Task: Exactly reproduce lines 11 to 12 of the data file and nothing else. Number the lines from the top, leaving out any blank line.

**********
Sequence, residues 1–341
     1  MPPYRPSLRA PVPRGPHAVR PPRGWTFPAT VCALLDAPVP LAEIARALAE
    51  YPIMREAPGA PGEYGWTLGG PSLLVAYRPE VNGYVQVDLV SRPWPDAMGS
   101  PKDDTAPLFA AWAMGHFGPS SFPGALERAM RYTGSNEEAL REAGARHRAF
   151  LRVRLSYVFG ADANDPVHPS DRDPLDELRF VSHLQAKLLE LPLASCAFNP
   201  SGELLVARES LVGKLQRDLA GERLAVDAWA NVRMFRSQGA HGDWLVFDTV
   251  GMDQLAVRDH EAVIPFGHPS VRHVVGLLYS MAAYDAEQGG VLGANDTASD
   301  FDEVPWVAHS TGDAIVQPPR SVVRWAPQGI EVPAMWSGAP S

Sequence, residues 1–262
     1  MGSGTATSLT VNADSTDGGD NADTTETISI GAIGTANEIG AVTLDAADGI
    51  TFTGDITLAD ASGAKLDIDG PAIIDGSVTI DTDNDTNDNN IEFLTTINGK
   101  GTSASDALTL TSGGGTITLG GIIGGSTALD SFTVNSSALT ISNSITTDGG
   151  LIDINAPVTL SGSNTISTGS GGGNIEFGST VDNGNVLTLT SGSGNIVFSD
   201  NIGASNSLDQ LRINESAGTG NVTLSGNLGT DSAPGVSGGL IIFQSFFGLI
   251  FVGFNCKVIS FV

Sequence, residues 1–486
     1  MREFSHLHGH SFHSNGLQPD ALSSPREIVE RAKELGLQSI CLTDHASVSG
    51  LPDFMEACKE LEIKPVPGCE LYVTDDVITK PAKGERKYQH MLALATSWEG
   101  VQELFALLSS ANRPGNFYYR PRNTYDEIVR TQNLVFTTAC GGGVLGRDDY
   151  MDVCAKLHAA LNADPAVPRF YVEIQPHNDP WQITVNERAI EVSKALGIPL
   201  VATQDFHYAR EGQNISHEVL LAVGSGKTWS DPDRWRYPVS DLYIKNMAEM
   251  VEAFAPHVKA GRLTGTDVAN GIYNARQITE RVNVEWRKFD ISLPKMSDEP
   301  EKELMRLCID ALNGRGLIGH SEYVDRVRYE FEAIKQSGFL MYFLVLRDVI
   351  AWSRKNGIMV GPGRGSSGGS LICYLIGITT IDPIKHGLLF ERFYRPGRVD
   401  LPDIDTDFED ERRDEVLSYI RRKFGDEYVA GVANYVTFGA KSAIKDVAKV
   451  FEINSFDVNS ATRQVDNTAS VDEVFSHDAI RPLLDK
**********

    51  TFTGDITLAD ASGAKLDIDG PAIIDGSVTI DTDNDTNDNN IEFLTTINGK
   101  GTSASDALTL TSGGGTITLG GIIGGSTALD SFTVNSSALT ISNSITTDGG